John Grimm: “Necessity is the mother of invention”

I grew up in a house of smokers and it carried on with me as a child that I smelled like smoke, my house smelled like smoke, and everything I owned smelled like smoke. Philter wants to help people who don’t like that smell. You can’t stop people from smoking and it’s not fair to […]

Thrive invites voices from many spheres to share their perspectives on our Community platform. Community stories are not commissioned by our editorial team, and opinions expressed by Community contributors do not reflect the opinions of Thrive or its employees. More information on our Community guidelines is available here.

I grew up in a house of smokers and it carried on with me as a child that I smelled like smoke, my house smelled like smoke, and everything I owned smelled like smoke. Philter wants to help people who don’t like that smell. You can’t stop people from smoking and it’s not fair to stop people from doing it, but how do we allow those people to coexist with nonsmokers? Finding a way to bridge the freedoms of being able to smoke, but respecting those that don’t was the biggest aha moment for me.

As a part of our series called “Meet The Inventors”, I had the pleasure of interviewing John Grimm.

John Grimm is a Navy veteran, has 22+ years of experience in inventing and designing medical devices, and holds 60 patents. John is bringing that same expertise and attention to detail to his current role as the Co-Founder, CTO, and inventor for Philter Labs. Using his medical background and expertise, Grimm is upending the vaping industry by inventing a new technology that captures and dissolves 97% of pollutants from secondhand vape and smoke emissions to help consumers filter their vape, not their life. Grimm’s expertise has allowed him to invent customer-based solutions that serve as a starting point for necessary societal and environmental change.

Thank you so much for doing this with us! Before we dive in, our readers would love to learn a bit more about you. Can you tell us a bit about your “childhood backstory”?

I was that kid that always took his toys apart to see how they worked, which drove my parents absolutely nuts. My dad was an engineer for a local aerospace company. He would bring me home old computers and junk pretty much, and I would just take things apart and put them together and build things, ever since I can remember. I just loved that part of understanding how things worked. That was pretty much my thing.

Can you please give us your favorite “Life Lesson Quote”? Can you share how that was relevant to you in your life?

“Necessity is the mother of invention.” My dad used to say that all the time and it really stuck with me. Because when there’s a need for something, that’s when people get creative, or should get creative.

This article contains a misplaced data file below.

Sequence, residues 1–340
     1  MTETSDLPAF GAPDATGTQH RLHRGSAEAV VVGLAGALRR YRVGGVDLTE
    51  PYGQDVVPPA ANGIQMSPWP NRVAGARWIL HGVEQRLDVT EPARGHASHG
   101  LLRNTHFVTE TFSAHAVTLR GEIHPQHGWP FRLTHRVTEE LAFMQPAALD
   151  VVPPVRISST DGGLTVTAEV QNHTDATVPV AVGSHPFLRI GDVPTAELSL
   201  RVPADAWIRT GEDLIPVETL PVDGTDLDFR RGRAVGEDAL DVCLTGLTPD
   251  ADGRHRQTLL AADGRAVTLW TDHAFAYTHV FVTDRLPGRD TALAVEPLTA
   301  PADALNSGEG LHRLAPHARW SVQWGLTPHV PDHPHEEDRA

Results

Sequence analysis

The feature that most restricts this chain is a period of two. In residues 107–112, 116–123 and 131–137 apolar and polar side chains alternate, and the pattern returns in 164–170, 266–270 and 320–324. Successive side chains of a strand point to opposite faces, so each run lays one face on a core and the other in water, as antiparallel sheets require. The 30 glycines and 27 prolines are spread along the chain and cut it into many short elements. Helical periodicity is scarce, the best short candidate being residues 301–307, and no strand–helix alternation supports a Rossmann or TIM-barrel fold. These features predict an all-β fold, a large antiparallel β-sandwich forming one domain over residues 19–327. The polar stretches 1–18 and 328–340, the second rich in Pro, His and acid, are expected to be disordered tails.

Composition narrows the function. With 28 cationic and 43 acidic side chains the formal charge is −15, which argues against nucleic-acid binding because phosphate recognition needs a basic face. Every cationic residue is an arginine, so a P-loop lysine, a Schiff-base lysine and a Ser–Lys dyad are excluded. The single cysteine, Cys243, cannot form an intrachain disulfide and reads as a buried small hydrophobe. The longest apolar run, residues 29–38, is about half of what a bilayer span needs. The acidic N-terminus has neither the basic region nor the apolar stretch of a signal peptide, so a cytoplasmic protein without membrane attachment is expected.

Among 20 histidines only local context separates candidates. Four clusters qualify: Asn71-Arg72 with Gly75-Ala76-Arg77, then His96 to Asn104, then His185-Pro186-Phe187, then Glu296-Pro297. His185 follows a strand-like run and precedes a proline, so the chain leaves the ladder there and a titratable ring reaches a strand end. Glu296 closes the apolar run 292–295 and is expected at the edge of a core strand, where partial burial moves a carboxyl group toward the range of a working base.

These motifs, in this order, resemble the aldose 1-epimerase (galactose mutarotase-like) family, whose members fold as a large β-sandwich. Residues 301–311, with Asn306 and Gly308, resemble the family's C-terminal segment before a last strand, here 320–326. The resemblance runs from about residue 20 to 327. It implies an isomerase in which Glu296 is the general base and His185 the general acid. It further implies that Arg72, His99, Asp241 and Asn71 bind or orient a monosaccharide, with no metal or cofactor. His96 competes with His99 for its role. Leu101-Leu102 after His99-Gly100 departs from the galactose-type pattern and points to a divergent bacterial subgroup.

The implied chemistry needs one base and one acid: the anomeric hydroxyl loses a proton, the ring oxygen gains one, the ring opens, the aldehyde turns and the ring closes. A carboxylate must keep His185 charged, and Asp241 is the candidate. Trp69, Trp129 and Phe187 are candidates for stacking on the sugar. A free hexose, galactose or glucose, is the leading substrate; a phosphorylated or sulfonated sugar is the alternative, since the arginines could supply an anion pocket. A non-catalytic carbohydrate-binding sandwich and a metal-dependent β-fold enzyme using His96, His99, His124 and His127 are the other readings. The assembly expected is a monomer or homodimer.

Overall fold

Is there a particular book, podcast, or film that made a significant impact on you? Can you share a story or explain why it resonated with you so much?

The Old Man and the Sea. That may be a cliche book, but his tenacity and his unwillingness to quit was a big thing for me. There’s probably others, but I kind of glean the same thing from a lot of different sources. Don’t quit, and succeed or die trying are my philosophies.

Ok super. Let’s now shift to the main part of our discussion. What was the catalyst that inspired you to invent your product? Can you share the story of your “ah ha” moment with us?

I grew up in a house of smokers and it carried on with me as a child that I smelled like smoke, my house smelled like smoke, and everything I owned smelled like smoke. Philter wants to help people who don’t like that smell. You can’t stop people from smoking and it’s not fair to stop people from doing it, but how do we allow those people to coexist with nonsmokers? Finding a way to bridge the freedoms of being able to smoke, but respecting those that don’t was the biggest aha moment for me.

There is no shortage of good ideas out there. Many people have good ideas all the time. But people seem to struggle in taking a good idea and translating it into an actual business. How did you overcome this challenge?

One of the benefits I have is my experience in product development. Teaming up with an amazing group that share the same ideas and dreams and have incredible backgrounds is another part of it. You need to have the right people involved in the right disciplines or doing the right things in order to be successful with getting your product out. It’s not just having a great product or a great idea, or even executing a great idea. It’s about having other people that are supporting the effort that are contributing to the success.